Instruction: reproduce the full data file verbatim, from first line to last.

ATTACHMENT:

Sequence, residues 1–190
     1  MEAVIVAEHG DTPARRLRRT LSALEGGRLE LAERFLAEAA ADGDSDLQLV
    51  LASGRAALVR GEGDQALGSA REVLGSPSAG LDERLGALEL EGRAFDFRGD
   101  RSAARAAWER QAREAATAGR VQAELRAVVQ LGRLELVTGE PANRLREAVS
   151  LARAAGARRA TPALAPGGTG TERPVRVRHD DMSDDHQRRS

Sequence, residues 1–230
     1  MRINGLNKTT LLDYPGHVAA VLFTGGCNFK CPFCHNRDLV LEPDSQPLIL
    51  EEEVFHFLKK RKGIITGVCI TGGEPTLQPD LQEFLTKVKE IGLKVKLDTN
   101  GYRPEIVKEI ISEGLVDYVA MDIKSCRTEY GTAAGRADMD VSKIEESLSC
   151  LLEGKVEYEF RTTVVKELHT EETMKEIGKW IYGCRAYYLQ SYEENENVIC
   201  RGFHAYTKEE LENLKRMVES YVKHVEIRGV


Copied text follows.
Sequence, residues 1–190
     1  MEAVIVAEHG DTPARRLRRT LSALEGGRLE LAERFLAEAA ADGDSDLQLV
    51  LASGRAALVR GEGDQALGSA REVLGSPSAG LDERLGALEL EGRAFDFRGD
   101  RSAARAAWER QAREAATAGR VQAELRAVVQ LGRLELVTGE PANRLREAVS
   151  LARAAGARRA TPALAPGGTG TERPVRVRHD DMSDDHQRRS

Sequence, residues 1–230
     1  MRINGLNKTT LLDYPGHVAA VLFTGGCNFK CPFCHNRDLV LEPDSQPLIL
    51  EEEVFHFLKK RKGIITGVCI TGGEPTLQPD LQEFLTKVKE IGLKVKLDTN
   101  GYRPEIVKEI ISEGLVDYVA MDIKSCRTEY GTAAGRADMD VSKIEESLSC
   151  LLEGKVEYEF RTTVVKELHT EETMKEIGKW IYGCRAYYLQ SYEENENVIC
   201  RGFHAYTKEE LENLKRMVES YVKHVEIRGV